By Allen White
Selecting the right study for your group is important, but how you select the study may be more important. Adult learners learn best in the area of their felt needs. The best study in the world won’t work with an uninterested group.
To guarantee that a study is the right fit for your group, here are a few things to consider:
1. How long has your group been together?
If your group has just start or is less than six months old, chances are that your group members won’t have much of an opinion about what to study next. In fact, taking too much time to decide on the next study might cause your group to falter.
Over the years, I’ve heard the conversation go like this when the leader presents three or four possible studies:
Leader: “Which study looks good to you guys.”
Group: “They all look good. Why don’t you pick one?”
It happens every time. If you send the group to the Christian bookstore or to the internet, well forget it. There are so many choices. They will never decide.
As the leader, go ahead and choose the next study before the current study ends. Introduce the study to the group and ask them if they would like do it next. More than likely, the group will agree and you can move forward with confidence.
If your group is more than six months old, forget everything that I just said. If your group doesn’t have buy-in for the next study, they might be bored, they might be frustrated, or they might leave. Again, midway through the current study, ask the group what they would be interested in studying next. But, this time, don’t bring a study along with you, unless the church is offering a church-wide series. If established group members feel ownership in the group, they will want to have a voice. If they don’t feel ownership, then what in the world are you doing?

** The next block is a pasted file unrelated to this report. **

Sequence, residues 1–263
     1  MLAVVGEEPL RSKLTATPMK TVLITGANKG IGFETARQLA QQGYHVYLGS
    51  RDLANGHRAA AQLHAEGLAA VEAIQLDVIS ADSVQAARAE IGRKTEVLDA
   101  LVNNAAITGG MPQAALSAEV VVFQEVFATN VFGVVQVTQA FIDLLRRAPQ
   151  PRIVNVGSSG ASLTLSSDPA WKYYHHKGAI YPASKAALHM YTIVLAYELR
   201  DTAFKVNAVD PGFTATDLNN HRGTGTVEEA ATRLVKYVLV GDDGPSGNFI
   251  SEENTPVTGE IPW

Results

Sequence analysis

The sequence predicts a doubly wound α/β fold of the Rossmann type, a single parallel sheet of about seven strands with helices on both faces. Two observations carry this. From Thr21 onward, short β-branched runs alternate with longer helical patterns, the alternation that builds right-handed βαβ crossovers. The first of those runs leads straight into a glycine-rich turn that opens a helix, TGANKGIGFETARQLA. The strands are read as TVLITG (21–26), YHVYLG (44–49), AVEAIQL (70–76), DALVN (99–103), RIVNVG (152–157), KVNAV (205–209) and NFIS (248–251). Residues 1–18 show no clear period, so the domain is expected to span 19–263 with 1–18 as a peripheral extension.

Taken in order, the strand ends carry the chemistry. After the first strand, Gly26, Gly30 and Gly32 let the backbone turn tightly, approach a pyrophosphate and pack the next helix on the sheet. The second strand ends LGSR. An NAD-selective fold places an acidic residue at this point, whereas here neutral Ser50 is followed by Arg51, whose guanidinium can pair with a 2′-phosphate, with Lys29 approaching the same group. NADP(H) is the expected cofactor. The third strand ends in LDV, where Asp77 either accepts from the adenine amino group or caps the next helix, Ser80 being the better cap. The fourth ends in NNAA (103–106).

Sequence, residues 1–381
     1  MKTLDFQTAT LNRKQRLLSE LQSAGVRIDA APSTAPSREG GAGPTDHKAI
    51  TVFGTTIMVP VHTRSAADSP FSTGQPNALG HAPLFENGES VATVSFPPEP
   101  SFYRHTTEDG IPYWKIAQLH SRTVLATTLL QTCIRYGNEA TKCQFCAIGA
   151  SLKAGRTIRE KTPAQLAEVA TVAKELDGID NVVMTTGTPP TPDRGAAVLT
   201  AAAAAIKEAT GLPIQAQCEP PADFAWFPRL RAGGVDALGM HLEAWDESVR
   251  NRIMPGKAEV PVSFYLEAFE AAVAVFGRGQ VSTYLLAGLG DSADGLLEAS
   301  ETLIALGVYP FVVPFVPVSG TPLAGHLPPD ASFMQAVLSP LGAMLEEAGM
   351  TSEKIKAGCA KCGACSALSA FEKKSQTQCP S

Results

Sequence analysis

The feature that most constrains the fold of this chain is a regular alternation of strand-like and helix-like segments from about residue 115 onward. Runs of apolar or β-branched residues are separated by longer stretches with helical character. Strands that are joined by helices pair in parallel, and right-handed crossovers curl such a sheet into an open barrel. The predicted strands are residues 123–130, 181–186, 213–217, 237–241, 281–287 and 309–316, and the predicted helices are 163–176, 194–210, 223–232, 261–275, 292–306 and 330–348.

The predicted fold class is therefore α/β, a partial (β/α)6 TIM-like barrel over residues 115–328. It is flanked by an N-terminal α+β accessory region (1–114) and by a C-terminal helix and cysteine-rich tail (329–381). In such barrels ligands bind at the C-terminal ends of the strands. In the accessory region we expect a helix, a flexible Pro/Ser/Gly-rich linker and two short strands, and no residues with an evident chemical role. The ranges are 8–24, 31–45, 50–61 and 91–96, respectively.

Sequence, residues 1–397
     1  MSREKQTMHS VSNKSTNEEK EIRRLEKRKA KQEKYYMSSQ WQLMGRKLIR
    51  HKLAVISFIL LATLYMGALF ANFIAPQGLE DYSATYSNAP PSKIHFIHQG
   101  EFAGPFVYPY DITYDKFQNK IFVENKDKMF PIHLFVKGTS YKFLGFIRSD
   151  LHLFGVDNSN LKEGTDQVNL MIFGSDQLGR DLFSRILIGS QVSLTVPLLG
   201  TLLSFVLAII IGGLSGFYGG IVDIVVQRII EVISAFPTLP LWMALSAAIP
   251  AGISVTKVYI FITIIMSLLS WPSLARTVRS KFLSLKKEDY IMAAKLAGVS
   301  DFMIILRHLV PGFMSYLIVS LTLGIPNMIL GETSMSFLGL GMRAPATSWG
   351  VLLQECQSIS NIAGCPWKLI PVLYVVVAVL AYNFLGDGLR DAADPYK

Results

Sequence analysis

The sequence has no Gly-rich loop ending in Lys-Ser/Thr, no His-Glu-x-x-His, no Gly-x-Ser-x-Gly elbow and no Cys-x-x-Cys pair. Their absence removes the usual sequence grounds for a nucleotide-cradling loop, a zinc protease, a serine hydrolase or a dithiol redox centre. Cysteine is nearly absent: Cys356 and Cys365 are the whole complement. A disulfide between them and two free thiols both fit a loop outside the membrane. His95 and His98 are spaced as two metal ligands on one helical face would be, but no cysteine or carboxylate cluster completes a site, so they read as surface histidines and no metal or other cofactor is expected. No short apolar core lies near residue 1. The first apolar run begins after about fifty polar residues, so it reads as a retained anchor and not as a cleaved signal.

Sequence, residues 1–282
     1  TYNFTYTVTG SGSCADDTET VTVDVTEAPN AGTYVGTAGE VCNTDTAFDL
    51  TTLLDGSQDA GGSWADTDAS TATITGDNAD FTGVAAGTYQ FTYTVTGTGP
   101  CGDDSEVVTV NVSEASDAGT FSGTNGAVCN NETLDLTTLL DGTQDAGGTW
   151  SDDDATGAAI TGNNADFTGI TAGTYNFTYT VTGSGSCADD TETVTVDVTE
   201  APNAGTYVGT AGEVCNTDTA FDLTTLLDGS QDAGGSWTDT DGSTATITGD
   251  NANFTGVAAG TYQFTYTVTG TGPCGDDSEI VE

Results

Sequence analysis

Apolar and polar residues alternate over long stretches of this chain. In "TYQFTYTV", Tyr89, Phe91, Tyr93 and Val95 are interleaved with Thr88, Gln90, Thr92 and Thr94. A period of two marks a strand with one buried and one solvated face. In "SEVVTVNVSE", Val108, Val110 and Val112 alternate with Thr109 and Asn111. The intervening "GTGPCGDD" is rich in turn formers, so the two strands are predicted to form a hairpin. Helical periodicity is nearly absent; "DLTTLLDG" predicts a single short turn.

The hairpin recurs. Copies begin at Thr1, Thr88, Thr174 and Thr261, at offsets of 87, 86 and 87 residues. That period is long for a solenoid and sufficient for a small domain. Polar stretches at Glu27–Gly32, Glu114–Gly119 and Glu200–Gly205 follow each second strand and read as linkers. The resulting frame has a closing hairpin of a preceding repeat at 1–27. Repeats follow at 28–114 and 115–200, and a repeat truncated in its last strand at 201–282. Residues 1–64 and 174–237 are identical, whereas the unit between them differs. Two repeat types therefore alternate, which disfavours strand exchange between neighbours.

Ask the group to share topics of interest or even specific studies they are interested in doing. Have group members research the studies on the internet, view the video content online, and even print out the first lesson for the group to sample. Then, together as a group decide which study to do next.
2. Who’s in your group? New believers, maturing believers or Bible connoisseurs?
Newer believers will need more direction. More mature believers will need less direction, if any. Take the situational leadership model on this. The less knowledgeable the group, then the more input they will need from the leader. The more knowledgeable the group, then they will only need someone to facilitate the decision-making. But, don’t be mistaken—even experienced group members can drop the ball. As the leader, you must follow through in helping the group reach a decision. It won’t decide itself.
Then, there’s a third category – Bible connoisseurs. These are the folks who have consumed material from the best of the best. Any average Joe, poorly produced, old school Bible study will not do. They only want to learn from the pros. Their idea of going deeper is listening to the teacher who will tantalize them with a morsel of Bible trivia that they’ve never come across. Bible connoisseurs are in need of a service project, not “deeper” teaching.